Other chapters chronicle the war beyond the battlefields. Photographs of the political leaders and military commanders from both sides provide glimpses of the men behind this complex story. Chapter three, "The Antagonists," profiles Ho Chi Minh, General Vo Nguyen Giap, and the U.S. involvement in the coup that ousted South Vietnamese President Ngo Dinh Diem. It also reminds us of the contributions that Presidents Eisenhower and Kennedy made to this portion of Vietnamese and American history.

"Reconsideration and Vietnamization" reviews the events of 1968 and combines the military action in Vietnam with the political events taking place in the United States. This is a good way to put things in perspective. It also reminds us of some history that we may have forgotten over the years.

There are 460 photographs in this book, some of which were made under fire at great danger to the photographer. These are good and should have been given more space. Other photographs—wide street scenes and boring conference photos—attempt to convey information that the book's authors want us to know about the war. These dull photographs vary in quality from acceptable to poor, and they take space that might have display the book's better photographs.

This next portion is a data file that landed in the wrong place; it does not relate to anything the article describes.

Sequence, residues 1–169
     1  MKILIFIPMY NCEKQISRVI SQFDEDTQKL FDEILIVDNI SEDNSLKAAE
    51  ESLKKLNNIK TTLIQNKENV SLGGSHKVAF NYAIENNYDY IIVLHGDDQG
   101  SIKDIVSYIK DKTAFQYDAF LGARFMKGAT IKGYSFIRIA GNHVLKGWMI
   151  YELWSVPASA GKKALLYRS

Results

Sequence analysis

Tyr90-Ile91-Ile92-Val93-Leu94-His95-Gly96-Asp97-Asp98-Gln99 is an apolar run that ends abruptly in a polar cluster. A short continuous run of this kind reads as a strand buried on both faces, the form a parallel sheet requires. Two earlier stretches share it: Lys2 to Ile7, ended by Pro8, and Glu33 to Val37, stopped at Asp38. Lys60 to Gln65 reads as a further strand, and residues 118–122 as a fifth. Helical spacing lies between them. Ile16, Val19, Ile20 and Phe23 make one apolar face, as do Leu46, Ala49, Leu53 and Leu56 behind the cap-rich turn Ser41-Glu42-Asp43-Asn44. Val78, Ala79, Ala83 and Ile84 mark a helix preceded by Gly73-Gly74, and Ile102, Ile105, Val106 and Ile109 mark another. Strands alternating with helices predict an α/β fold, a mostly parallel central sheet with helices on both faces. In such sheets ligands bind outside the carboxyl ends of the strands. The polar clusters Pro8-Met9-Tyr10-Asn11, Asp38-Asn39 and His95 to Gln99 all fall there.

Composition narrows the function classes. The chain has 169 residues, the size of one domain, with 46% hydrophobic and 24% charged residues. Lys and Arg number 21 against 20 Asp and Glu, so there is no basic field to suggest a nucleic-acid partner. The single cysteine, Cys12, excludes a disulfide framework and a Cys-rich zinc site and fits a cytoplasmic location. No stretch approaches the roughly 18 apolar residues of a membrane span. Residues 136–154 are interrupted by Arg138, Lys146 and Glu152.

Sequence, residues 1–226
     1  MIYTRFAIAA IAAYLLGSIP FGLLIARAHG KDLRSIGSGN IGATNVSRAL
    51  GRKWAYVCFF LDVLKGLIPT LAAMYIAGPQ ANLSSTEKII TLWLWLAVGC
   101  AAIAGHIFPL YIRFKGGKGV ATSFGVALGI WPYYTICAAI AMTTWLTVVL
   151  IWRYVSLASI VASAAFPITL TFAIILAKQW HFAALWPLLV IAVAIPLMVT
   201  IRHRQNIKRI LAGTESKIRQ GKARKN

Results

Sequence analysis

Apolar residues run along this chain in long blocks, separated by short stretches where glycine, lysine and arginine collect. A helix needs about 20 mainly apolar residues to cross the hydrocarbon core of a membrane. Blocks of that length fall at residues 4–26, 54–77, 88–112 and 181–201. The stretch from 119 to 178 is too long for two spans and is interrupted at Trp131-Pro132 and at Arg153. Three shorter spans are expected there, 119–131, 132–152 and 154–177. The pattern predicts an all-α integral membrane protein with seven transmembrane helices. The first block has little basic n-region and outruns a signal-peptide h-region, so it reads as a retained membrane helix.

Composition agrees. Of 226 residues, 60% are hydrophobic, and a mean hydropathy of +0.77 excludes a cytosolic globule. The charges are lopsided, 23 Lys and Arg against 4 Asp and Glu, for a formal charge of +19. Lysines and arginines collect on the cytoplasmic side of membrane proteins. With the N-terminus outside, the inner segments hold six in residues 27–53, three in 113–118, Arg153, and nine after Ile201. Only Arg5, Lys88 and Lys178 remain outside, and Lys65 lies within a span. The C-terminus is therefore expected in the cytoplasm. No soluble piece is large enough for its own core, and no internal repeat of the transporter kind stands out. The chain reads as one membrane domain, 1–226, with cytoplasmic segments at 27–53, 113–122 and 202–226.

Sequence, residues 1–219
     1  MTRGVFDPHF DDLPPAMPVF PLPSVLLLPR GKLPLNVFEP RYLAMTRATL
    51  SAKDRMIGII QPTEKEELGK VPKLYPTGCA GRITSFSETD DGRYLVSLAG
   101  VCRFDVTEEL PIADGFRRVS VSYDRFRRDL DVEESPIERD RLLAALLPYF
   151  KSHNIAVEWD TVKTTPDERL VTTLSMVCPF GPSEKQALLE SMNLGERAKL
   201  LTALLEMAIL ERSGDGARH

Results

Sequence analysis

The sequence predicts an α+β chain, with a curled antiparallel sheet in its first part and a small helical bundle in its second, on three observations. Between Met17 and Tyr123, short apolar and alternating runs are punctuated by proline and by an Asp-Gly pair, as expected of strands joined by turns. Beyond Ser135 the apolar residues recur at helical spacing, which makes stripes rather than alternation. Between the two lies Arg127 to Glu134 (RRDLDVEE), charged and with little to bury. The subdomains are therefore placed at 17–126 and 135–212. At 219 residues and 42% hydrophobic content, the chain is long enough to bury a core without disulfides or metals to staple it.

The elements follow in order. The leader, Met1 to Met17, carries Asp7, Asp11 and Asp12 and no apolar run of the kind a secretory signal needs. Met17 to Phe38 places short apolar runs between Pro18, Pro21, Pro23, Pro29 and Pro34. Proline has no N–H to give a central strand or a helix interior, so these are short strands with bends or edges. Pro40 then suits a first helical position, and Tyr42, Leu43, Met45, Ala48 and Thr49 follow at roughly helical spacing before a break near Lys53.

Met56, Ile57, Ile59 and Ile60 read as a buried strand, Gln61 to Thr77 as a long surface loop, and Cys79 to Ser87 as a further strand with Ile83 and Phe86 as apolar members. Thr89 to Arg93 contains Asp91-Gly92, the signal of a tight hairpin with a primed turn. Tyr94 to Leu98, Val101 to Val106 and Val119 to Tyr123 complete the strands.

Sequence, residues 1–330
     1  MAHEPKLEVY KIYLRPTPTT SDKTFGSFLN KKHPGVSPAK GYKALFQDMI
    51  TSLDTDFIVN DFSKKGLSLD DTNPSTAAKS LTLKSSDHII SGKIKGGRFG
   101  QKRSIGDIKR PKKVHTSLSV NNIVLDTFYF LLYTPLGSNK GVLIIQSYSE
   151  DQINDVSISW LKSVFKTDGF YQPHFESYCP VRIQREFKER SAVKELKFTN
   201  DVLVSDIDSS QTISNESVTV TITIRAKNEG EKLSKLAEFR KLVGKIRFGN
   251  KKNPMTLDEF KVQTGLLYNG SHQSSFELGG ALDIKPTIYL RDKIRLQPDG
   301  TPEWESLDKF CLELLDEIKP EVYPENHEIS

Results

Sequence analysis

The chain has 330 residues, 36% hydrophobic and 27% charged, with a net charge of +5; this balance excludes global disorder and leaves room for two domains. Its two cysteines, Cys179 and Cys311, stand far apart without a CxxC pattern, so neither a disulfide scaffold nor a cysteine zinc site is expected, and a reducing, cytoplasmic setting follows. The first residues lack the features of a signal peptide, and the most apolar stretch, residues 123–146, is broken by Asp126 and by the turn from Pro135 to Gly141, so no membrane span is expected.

Most of the photography is from public domain material—it is free. Sometimes a publisher needs to purchase important images to tell a vital parts of the story. This is one of those times.

The Vietnam War may not make it to the living room coffee table, but it can sit comfortably on the shelf in the study. It is a good source for remembering the people, tools, and history of the Vietnam War. But there should be other books about Vietnam in the study, too. This book does not tell the entire story.

Dennis Brack has been the staff photographer for Black Star studio in Washington, D.C., for 25 years. He was on assignment for Time as a photojournalist during the Gulf War, and has been a judge for the U.S. Naval Institute’s Photo Contest.